16 Paul’s Consequence X X X With the extra stress, Paul hasn’t been very diligent at taking his controller medication every day and his prescription for his rescue medication needs to refilled.What could happen if Paul doesn’t take his medication?He’ll be extra sleepy over the weekend.He’ll be OK since he has built up a tolerance to his triggers.He’ll have an asthma attack.XXXNot quite. Not only is Paul setting himself up for an asthma attack, without his reliever he may need emergency medical attention to treat the attack.Good job! Not only is Paul setting himself up for an asthma attack, without his reliever he may need emergency medical attention to treat the attack.
17 What Would You Do?This is Shelby, age 15. Shelby was diagnosed with exercise-induced asthma. She has been directed by her doctor to take two puffs of her reliever before exercise or other exerting activities.Which medication is a reliever?Foradil®Singulair®Proventil®XXXNot quite. Proventil® is the only drug in this list that is a reliever. It’s a brand-name drug of albuterol.Good job! Proventil® is the only drug in this list that is a reliever. It’s a brand-name drug of albuterol.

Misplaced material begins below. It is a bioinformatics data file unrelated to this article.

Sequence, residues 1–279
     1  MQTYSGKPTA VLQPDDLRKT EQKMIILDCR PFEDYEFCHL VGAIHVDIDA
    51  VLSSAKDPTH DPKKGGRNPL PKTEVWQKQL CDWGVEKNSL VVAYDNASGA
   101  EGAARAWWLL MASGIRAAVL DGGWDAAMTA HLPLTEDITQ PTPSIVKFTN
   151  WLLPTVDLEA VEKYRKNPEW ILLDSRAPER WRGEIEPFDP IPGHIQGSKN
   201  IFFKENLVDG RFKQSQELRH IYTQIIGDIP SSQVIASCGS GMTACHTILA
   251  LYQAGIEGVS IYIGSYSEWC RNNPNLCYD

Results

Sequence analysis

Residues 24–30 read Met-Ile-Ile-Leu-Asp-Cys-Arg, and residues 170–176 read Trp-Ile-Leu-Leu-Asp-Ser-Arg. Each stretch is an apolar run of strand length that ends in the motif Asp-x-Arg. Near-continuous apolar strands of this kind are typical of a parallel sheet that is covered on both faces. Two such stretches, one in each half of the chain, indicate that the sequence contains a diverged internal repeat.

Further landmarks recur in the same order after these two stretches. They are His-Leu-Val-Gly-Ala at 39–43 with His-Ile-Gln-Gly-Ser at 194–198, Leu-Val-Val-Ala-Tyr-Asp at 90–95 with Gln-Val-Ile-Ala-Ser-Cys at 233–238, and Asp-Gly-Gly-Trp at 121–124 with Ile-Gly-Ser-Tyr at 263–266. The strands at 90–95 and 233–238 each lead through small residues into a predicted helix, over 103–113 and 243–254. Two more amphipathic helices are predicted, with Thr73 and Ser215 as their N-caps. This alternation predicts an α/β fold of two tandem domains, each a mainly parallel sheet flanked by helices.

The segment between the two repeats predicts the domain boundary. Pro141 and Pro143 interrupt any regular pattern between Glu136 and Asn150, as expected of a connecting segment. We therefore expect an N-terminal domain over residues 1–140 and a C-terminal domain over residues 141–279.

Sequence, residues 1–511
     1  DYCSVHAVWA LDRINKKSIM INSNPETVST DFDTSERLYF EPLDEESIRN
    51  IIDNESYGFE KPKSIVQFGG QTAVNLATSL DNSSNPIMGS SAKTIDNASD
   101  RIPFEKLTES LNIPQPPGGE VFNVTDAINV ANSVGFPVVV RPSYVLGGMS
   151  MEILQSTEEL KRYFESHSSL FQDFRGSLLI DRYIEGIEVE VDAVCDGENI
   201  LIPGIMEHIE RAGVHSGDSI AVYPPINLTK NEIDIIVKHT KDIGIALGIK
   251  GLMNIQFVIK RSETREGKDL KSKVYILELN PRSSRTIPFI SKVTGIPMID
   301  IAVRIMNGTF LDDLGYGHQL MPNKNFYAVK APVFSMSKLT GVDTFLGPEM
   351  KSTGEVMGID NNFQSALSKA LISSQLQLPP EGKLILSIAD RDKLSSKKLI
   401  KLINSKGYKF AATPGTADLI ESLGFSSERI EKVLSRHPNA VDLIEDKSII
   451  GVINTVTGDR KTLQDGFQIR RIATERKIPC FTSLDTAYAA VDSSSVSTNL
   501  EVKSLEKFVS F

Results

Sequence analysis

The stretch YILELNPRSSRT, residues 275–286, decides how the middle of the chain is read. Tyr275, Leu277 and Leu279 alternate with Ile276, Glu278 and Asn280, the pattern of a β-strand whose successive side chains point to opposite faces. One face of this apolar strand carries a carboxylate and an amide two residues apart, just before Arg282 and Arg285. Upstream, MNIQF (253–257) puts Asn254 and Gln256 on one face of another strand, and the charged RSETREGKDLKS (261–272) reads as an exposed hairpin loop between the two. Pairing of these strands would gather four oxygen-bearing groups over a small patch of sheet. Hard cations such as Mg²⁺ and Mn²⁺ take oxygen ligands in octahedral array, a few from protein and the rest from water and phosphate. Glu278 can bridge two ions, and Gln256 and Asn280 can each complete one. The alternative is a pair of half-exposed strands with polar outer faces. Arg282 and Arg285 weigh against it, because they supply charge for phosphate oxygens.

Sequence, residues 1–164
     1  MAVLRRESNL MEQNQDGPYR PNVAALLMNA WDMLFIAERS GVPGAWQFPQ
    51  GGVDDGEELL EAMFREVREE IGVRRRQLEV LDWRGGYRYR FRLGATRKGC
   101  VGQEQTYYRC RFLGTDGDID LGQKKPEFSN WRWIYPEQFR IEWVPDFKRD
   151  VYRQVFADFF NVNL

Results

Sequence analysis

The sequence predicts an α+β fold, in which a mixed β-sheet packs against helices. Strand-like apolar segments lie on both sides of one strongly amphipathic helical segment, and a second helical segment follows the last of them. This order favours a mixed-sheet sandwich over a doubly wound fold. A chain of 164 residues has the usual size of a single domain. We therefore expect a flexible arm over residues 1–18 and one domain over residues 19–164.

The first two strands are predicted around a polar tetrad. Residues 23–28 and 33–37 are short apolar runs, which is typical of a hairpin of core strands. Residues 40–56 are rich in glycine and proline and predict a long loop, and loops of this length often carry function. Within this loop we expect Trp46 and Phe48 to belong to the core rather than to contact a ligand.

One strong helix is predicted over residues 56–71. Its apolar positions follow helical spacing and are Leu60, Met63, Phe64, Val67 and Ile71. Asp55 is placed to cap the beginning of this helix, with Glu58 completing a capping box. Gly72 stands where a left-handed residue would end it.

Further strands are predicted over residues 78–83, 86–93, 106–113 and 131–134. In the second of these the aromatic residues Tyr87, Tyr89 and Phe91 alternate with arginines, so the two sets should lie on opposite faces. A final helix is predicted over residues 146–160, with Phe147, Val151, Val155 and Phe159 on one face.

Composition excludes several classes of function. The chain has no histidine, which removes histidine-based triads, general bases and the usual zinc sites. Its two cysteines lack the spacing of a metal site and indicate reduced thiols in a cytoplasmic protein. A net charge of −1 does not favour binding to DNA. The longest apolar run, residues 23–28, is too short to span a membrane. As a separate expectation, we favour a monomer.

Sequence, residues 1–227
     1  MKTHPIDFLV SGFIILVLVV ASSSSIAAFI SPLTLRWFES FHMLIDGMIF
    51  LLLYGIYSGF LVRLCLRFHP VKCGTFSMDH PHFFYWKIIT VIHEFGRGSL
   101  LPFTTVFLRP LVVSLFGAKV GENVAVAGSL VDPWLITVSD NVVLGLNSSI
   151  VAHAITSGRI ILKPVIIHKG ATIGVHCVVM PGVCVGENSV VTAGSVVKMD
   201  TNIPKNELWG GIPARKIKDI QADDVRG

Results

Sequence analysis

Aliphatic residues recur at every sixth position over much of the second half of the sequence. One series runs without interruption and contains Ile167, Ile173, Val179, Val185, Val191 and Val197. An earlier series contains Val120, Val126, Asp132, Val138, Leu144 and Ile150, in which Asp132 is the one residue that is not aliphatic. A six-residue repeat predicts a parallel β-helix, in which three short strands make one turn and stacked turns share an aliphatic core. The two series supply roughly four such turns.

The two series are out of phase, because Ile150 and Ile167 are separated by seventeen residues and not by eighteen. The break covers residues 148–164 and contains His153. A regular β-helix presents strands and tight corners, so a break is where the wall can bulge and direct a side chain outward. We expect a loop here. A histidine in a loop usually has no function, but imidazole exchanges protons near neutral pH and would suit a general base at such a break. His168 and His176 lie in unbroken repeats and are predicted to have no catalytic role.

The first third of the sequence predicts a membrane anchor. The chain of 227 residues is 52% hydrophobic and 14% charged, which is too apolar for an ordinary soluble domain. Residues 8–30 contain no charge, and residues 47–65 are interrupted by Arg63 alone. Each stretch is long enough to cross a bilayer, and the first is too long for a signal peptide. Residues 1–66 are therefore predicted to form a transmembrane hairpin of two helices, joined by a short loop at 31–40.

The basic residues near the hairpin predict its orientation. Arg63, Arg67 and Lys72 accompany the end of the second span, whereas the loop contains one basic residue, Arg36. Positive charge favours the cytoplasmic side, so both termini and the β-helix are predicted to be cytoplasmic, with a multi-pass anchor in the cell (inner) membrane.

18 Shelby’s Consequence X X X Despite her doctor’s direction, Shelby has not followed instructions to take her rescue medication on her runs in case of emergency. Last week Shelby ran in very cold weather at night without her rescue inhaler.What could happen if Shelby doesn’t take her medication?She’ll be fine. The cold weather will make it easier to rrunShe could have an asthma attack.She could catch a cold from the cold air.XXXGood job! Shelby could have an asthma attack. The safest thing Shelby could do for herself is to take her rescue inhaler with her. While she could call for help, there’s no guarantee that help would arrive in time.Shelby was lucky on this day. She called her parents when the attack started. They were able to get to her in time.Not quite. Shelby could have an asthma attack. Shelby needs to take her rescue inhaler with her. While she could call for help, there’s no guarantee that help would arrive in time.Shelby was lucky on this day. She called her parents when the attack started. They were able to get to her in time.
19 Hi there, remember me. I’m Julie, your asthma trainer Hi there, remember me? I’m Julie, your asthma trainer. Do you remember earlier in our conversation I mentioned I use a couple of devices to deliver my medications? I told you I’d talk about these later in this training, and here we are!My asthma medications need to have the best chance of getting into my lungs. For a controller medication, I inhale corticosteroids with a spacer. For a reliever during an attack, I use an albuterol inhaler.Unless you’re an asthmatic, these probably mean nothing to you, so let me introduce you to these devices and a couple of other common ones. Then you’ll get to see how different people use different devices for their asthma. Click on the arrow to your right and here we go!